By Jim Morris
Martin Gingras brings excitement, experience and a little trepidation to his new job as Swimming Canada’s National Coach (Programming and Coach Development).
The long-time head coach of the Pointe-Claire Swim Club is excited about working with John Atkinson, Swimming Canada’s High Performance Director and National Coach, to assist in technical programming and high performance coach development. He also will act as a mentor and advisor to coaches and athletes across the Olympic program.
“It means a lot,” Gingras said about joining Swimming Canada’s high performance team. “I think I’m going to bring some fresh, new ideas.
“I’m really excited to be part of the Swimming Canada community. I’m going to use everything I’ve learned since I started coaching to help John and his team reach their goals.”
The one regret Gingras has is leaving the day-to-day interactions of being a coach on deck.
“I’m a little bit scared because it’s going to be a change in my life,” said the father of two. “I’m going to miss it for sure.
“When you coach, you have an instant gratification. If a swimmer performs well, it feels good. Now my rewards will be a little bit more long term.”
Like a Swiss army knife, Gingras will have many functions. He will work with coaches already in the system while also trying to develop and mentor new coaches.
“A big part of my job will be to develop coaching opportunities or coaching programs to help the coaches grow and try to be better,” he said.
Gingras will ensure there is consistency in the technical priorities delivered across all the programs.
“Basically, being the liaison with all the organizations around Swimming Canada, bringing to the table the philosophy of Swimming Canada, what they want, what they expect,” he said.
His job will be to assist coaches, not critique them.
“If I visit a club and the coach has been there for 30 years and has had great success, I’m not going to tell them what to do,” he said. “I’m going to try to understand them. Maybe by asking a question we can create a conversation.”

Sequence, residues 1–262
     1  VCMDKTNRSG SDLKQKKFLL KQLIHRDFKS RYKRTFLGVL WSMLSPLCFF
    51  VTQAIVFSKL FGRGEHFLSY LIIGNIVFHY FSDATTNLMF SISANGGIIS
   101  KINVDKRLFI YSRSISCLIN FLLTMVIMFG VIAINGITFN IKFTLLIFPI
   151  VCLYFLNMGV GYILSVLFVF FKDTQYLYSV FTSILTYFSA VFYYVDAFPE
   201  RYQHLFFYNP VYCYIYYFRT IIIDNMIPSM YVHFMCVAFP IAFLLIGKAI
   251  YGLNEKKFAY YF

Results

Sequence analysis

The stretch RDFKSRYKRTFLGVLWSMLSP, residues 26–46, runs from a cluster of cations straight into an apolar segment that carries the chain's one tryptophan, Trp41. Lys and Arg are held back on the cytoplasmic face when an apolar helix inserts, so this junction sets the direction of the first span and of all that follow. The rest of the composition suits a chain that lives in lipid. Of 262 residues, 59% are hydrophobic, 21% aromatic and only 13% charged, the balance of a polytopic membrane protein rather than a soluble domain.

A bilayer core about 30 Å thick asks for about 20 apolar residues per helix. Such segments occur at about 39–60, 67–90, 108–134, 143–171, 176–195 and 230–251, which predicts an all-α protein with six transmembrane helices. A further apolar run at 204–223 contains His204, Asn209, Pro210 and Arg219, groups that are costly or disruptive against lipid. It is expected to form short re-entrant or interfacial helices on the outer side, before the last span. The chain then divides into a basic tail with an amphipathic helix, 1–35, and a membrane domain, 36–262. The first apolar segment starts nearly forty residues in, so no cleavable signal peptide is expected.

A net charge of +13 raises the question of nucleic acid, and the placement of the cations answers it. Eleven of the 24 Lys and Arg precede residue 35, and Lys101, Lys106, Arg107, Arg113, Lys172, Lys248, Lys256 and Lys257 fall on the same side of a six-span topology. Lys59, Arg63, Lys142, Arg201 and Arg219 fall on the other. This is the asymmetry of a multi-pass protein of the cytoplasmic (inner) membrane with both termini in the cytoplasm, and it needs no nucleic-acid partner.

Coaches often exchange knowledge and ideas in casual settings. Gingras would like to expand that process.
“My goal would be to try to learn a little bit more who the coaches are, develop a relationship, develop trust,” he said. “Create something that we can explore together.”
While working with established coaches, Gingras wants to identify and assist young coaches.
“We need to target them and work with them to put them on the fast track,” he said.
Besides coaches, Gingras will work as a main contact and representative with U SPORTS.
“The Canadian system is a good system but I think we can produce more,” he said. “My goal is to explore what we can do better (at) the university level to produce more swimmers.”
This part of the job will include supporting all aspects associated with Canadian team attendance at the FISU Games, including acting as team leader.
Gingras remembers attending the 2011 FISU Games in Shenzhen, China, and watching Hilary Caldwell earn silver in the 200-metre backstroke for her first international medal. She went on to a bronze medal at the Rio 2016 Olympic Games.
“I think the FISU Games needs to be used as a development team,” he said. “If Canada goes to the FISU Games and each time we have somebody who steps up (they) can be an X factor on the next national team.
“I think the investment is worth it.”
Gingras will also act as a liaison with Canadian swimmers competing at U.S. colleges.
“I want them to feel that Swimming Canada is behind them during the time they are in the U.S. and if they need anything, we can help them,” he said.
Gingras brings more than 30 years of coaching experience in both pool and open water swimming. He has coached at several international events including world championships, world junior championships, Pan Am Games, Pan Pacific Championships, Junior Pan Pacs and FISU Games.
During his 11 years at the Pointe-Claire club more than 20 swimmers have qualified for national teams.
“I learned a lot about how to develop kids,” he said. “I understand what needs to be done, what they need to learn and what kind of exposure they need to reach the top level.
“I intend to use that experience and share that with all the coaches.”
Gingras begins his new job in October. The Paris 2024 Olympics will be a focus but his priority will be looking ahead to Los Angeles 2028.
“I think the team for L.A. will be completely different than the team that we have in Paris,” he said. “This is good because the (current swimmers) cannot stay there forever.
“We need a new generation to push them a little bit to create more competition. I feel that a new generation is coming up.”
Gingras acknowledges it’s going to take him time to completely adapt to his new job. There will be plenty of on-the-job training.
“We all have the same goal, to make Canada better and help the swimmers to develop,” he said.
“I need to be patient. I need to have a long-term vision of the work I’m going to do because this is where I’m going to have an impact.”
Gingras already has a plan for those days when he really misses being a coach.
“I’m going to take my car, drive to the next club and say, ‘Can I coach with you today, just to be on the deck?’ ”